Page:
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  #1163  
Old 03-17-2019, 05:08 PM
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I can understand prioritising aspect ratio over 1:1 pixels, and Digital Eclipse aren't the only ones to take a hardline view that doesn’t match my personal preference, but I do think not giving the user the choice is a bad thing.

Unless you’ve got a high enough resolution to compose the in-game pixels of rectangular blocks of on-screen pixels in whatever pixel aspect ratio you think is correct, stretching the screen is a distortion just like not stretching it is. I grew up in the PAL territories, so I’m used to games that run at the wrong speed with letterboxes, plus whatever distortion the CRT introduced. There is no perfect version. Stretching to match an aspect ratio that the games may or may not have been designed for is just as wrong as anything else.

Last edited by Yimothy; 03-17-2019 at 06:56 PM.
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  #1164  
Old 03-17-2019, 05:12 PM
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Quote:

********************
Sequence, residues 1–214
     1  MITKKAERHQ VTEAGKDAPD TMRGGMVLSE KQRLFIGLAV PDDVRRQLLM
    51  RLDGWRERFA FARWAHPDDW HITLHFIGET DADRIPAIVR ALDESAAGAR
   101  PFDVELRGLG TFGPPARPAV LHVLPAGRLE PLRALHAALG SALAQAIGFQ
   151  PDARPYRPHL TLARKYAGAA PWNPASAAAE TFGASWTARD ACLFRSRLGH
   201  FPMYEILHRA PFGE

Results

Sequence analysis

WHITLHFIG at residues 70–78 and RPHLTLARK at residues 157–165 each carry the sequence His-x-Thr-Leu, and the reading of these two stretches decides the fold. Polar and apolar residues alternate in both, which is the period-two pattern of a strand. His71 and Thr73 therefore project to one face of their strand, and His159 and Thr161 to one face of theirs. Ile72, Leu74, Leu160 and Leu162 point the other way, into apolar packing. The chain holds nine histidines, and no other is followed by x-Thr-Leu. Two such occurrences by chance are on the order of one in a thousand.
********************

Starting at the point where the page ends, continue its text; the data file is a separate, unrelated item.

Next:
Originally Posted by Kishi View Post
This is apparently on purpose. Cifaldi is a hard-liner for the 4:3 aspect ratio, calls 1:1 PAR a "misconception" that needs correcting, and doesn't even want to provide an option for unaltered pixel art. Meanwhile, M2, Hamster, Nintendo, Capcom, Zerodiv, and just about everyone else is getting this right.
I definitely appreciate options, but he's kinda right? There are a lot of games that look distorted in 1:1, because the devs knew they'd get pulled to 4:3. (The moon in Chrono Trigger leaps to mind.) I used to like 1:1, but I revisted games in arcades, and, yeah, 1:1 looks too skinny to me now. I can't deal with it.

But I totally get wanting to have the option, even if I, personally, don't like it. I mean, I even get having the 16:9 option, which is absolutely "wrong" if you're talking about how the game was meant to be displayed.